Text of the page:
On Thursday, March 12, 2020, the U.S. Small Business Administration (the “SBA”) announced that it would work directly with state governors to provide disaster recovery loans to small businesses that have been impacted by COVID-19. Historically, the SBA has required that any state or territory impacted by a disaster certify that at least five small businesses have suffered a substantial economic injury as a result of a disaster, with at least one business located in each declared county or territory. In addition, the SBA has typically made disaster assistance loans available to small businesses within counties identified as disaster areas by the state governor.
On Tuesday, March 17, 2020, the SBA announced that it would relax the criteria required to seek SBA disaster assistance:
- States or territories are now only required to certify that at least five small businesses within the state or territory have suffered substantial economic injury, regardless of where those businesses are located; and
- Disaster assistance loans will be available statewide following an economic injury declaration. This will apply to current and future disaster assistance declarations related to COVID-19.
On that same day, Governor Greg Abbott requested designation from the SBA’s Economic Injury Disaster Declaration in order to access the Economic Injury Disaster Loan program for the entirety of the state of Texas. If granted, small businesses in Texas, regardless where such small businesses are located in Texas, may apply for a long-term, low-interest disaster relief SBA loan. As of the date of this article, Texas has not been granted such designation.
Below are general terms for SBA’s Economic Injury Disaster Loans:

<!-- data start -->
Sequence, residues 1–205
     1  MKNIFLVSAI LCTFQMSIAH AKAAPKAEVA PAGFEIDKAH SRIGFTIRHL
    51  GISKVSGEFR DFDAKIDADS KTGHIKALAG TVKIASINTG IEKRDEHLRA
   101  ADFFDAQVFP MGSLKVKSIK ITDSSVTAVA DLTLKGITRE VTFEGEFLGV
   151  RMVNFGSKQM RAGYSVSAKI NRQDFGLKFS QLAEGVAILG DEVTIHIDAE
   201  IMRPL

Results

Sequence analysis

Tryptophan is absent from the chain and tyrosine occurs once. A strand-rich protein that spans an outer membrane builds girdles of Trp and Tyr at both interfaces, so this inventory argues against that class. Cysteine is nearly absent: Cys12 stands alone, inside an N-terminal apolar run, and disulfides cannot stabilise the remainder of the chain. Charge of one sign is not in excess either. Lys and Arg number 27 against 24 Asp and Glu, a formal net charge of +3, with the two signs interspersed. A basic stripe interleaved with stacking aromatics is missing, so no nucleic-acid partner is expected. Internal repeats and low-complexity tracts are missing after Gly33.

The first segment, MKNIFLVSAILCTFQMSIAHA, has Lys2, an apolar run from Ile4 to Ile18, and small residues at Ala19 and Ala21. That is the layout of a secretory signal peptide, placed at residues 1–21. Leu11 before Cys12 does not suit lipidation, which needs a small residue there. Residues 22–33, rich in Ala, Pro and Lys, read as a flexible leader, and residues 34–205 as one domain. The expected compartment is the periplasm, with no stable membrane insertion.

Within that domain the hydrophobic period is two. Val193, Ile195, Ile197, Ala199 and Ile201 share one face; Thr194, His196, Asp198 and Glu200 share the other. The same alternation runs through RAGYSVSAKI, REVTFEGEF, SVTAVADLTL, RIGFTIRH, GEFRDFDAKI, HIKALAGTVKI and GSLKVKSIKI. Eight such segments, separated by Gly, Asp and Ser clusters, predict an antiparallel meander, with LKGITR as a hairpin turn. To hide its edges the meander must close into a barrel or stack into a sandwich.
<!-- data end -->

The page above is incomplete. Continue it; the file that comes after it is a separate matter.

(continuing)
- Amount: SBA’s Economic Injury Disaster Loans will offer up to $2,000,000 in assistance for small businesses.
- Interest: The interest rate is 3.75% for small businesses without credit available elsewhere. The interest rate for non-profits is 2.75%.
- Terms: The loan term will be determined on a case-by-case basis dependent on each borrower’s ability to repay; however, can be up to 30 years.
- Use: Loan proceeds can be used for payment of fixed debts, payroll, accounts payable, and other bills that can’t be paid due to COVID-19’s impact.
Once the SBA approves of Texas’ designation, it will open up loan applications. Small businesses can apply for the loan at this link. Although the particular requirements for applications are not yet released, we can predict that the SBA will likely require financial statements, schedules of liabilities, and potentially certifications of the business regarding COVID-19’s impact thereto. Once the SBA receives an application for a disaster assistance loan, it typically takes 2-3 weeks to make a credit decision. Due to the probable large number of applicants for the Economic Injury Disaster Loans offered due to COVID-19’s impact, however, it may take more time for the SBA to make a credit decision.
 It is unclear how the SBA will verify whether the business has credit available elsewhere.
Jasmine Vu is a Corporate and Securities attorney with the law firm of Cantey Hanger LLP. She is a graduate of the University of Houston Law Center and the University of Texas at Austin. Ms. Vu focuses her practice on mergers and acquisitions, securities offerings, commercial lending, and other business transactions. For more information call 817-877-2843 or visit www.canteyhanger.com.
This article is for information purposes only and is not intended to be legal advice or substitute for consulting an attorney. We recommend that you discuss your particular situation with your attorney when you need legal advice.